Presentation on theme: "NSIS Operation Over IP Tunnels draft-ietf-nsis-tunnel-04.txt Charles Shen, Henning Schulzrinne, Sung-Hyuck Lee, Jong Ho Bang IETF#71 – Philadelphia, USA."— Presentation transcript:
NSIS Operation Over IP Tunnels draft-ietf-nsis-tunnel-04.txt Charles Shen, Henning Schulzrinne, Sung-Hyuck Lee, Jong Ho Bang IETF#71 – Philadelphia, USA March 2008
Overview Problem: NSIS signaling msgs may be unidentifiable inside IP tunnels How to achieve e2e signaling in the presence of IP tunnels (using QoS NSLP as an example)? Solution: Separate tunnel signalling from e2e session signaling Special tunnel flow ID for in-tunnel packet classification Associate tunnel session with e2e session as necessary
NSIS Operation Over IP Tunnels draft-shen-nsis-tunnel-01.txt Charles Shen, Henning Schulzrinne, Sung-Hyuck Lee, Jong Ho Bang IETF#64 – Vancouver, Canada November 2005
Outline Overview Updates since 00 draft Open issues Next steps
Overview Allow NSIS operation over IP tunnels Currently looking at QoS NSLP in particular Consider two types of QoS capable tunnels Supporting aggregate resource management Supporting dynamic individual flow signalling General approach Separate tunnel signalling from e2e session Special tunnel Flow ID for in-tunnel packet classification Associate tunnel session with e2e session as necessary
Major updates since -00 version Determined interaction between the e2e session and the tunnel session Alternatives moved to appendix Added Main Message Processing Rules at Tunnel Endpoints
Binding Mechanism for e2e session and tunnel session Binding of e2e and its corresponding tunnel session needs to be established at both tunnel endpoints. The notification from one end to the other of the session binding is achieved by BOUND_SESSION_ID object. (See Open Issue I) The other choice, BOUND_FLOW_ID is not chosen considering possible existence of NAT.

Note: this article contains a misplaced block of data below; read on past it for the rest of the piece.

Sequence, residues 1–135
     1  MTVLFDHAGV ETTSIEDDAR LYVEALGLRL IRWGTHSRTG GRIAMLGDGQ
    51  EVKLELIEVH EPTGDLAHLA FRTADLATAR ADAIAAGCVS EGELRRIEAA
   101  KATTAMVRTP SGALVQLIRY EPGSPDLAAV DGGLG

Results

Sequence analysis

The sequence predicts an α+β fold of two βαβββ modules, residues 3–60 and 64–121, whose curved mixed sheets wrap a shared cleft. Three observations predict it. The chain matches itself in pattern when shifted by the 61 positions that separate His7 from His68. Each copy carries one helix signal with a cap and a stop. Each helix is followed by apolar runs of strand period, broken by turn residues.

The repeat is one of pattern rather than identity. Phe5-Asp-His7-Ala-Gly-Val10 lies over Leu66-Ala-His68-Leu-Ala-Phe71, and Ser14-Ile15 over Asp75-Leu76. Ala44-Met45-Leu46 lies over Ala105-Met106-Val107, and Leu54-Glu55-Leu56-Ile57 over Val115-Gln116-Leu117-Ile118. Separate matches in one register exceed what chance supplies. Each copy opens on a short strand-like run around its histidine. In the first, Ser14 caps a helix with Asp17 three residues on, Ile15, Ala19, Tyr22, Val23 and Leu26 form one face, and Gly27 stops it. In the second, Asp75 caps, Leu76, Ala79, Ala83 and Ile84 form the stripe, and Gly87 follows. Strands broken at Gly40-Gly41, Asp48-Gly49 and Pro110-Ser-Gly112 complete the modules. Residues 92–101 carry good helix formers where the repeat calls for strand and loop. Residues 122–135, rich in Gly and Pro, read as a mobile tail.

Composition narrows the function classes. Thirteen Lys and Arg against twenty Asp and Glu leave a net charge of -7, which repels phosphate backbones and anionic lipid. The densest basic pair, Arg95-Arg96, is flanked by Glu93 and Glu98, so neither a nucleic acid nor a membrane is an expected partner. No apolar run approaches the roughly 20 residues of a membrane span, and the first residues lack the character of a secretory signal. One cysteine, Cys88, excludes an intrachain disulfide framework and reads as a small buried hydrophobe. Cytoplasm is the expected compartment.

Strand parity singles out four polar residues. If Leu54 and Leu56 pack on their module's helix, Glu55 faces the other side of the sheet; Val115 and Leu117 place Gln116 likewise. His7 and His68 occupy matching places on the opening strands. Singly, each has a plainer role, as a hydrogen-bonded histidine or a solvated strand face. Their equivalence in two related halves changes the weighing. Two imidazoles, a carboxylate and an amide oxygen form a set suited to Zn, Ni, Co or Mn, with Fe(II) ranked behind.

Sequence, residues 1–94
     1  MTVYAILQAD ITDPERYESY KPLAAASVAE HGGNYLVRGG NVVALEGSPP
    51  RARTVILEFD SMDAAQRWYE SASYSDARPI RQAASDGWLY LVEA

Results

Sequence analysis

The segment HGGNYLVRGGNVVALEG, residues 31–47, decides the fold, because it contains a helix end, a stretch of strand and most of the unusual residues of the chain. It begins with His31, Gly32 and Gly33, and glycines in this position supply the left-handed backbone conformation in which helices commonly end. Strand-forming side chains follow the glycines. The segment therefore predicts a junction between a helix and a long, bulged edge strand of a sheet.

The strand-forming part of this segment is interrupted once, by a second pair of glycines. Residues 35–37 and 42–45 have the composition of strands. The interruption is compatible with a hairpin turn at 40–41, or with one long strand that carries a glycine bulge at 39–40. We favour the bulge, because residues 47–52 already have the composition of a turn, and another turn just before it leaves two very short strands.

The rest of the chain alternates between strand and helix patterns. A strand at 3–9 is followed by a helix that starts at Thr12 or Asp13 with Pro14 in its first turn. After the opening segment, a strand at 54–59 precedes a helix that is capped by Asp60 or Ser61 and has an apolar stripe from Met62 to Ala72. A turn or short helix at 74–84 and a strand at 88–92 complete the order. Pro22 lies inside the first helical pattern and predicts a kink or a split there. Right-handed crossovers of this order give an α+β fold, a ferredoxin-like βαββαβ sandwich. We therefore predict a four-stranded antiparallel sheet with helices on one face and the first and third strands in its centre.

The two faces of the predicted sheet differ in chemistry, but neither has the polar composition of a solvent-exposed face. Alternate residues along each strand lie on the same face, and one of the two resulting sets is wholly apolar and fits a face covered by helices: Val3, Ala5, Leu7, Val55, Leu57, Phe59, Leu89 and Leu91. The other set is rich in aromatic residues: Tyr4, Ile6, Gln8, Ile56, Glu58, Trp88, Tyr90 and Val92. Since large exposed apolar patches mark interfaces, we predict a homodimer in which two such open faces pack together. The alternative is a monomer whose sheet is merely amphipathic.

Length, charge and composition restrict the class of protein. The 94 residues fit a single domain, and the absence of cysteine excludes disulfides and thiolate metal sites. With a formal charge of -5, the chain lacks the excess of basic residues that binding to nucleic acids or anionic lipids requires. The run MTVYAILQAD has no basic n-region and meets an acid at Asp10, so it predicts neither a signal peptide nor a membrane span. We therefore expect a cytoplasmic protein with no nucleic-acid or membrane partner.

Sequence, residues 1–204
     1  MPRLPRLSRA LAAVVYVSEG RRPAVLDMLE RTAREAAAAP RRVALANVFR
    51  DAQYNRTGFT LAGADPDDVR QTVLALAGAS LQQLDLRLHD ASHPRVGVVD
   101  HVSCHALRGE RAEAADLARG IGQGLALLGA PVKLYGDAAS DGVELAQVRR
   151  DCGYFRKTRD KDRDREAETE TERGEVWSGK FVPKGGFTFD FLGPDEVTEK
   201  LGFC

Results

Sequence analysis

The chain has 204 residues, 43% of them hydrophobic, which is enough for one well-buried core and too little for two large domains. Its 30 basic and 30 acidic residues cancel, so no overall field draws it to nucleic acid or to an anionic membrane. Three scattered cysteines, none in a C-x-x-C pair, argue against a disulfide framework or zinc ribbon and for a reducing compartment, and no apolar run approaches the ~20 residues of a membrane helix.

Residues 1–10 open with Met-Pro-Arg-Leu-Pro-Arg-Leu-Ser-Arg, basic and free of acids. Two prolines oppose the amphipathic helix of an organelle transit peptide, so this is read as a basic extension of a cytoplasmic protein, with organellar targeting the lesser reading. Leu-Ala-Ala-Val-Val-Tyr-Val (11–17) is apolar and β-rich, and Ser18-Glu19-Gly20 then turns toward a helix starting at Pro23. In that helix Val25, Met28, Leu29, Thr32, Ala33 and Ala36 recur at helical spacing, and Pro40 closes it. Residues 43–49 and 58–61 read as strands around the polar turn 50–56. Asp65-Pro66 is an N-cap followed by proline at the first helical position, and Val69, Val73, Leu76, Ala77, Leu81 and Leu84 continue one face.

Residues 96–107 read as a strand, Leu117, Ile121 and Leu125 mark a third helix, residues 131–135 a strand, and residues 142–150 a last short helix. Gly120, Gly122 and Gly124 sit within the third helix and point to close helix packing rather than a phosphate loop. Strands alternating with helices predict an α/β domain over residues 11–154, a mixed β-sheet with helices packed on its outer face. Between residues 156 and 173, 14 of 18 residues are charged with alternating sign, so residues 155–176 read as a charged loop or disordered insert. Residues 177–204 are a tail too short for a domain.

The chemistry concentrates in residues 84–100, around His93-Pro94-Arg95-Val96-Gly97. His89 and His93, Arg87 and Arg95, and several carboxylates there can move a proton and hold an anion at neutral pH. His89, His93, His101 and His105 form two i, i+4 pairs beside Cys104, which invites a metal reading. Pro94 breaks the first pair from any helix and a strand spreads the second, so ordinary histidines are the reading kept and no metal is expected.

Open Issue I - Enhanced BOUND_SESSION_ID Current BOUND_SESSION_ID object does not indicate any reason for the binding by itself Propose to add binding codes. Current examples: 0x01 – Tunnel and e2e sessions 0x02 – Bi-directional sessions 0x03 – Aggregate sessions 0x04 – Dependent sessions (one session is alive only if the other is also alive) Different Binding_Codes triggers different msg processing ReservedBinding_Codes Session ID
Open Issue II – Conditional Reservation State In receiver-initiated tunnel reservation scenario, when T exit receives the tunnel Query and end-to- end Query (which will trigger a e2e Reserve), it may create and establish state association for the two sessions but it should wait till the receipt of actual end-to-end Reserve message to trigger the actual Tunnel Reserve Need an additional message-specific flag bit in the common header of QUERY message for this conditional reservation state?
Open Issue III - NSIS-Tunnel Capability Discovery Capability discovery needed when both Tunnel Entry (T entry ) and Tunnel Exit (T exit ) need to be NSIS-tunnel aware Choices: Generic tunnel capability discovery at GIST layer? For all types of NSLPs? NSLP specific tunnel capability discovery? Discovery at NSLP layer by defining a Node_Char object (similar to that in RFC 2746)?
Next steps Solve open issues More detailed message processing and state management rules Other NSLP (e.g., NAT/FW) over IP tunnels Should this be a WG item?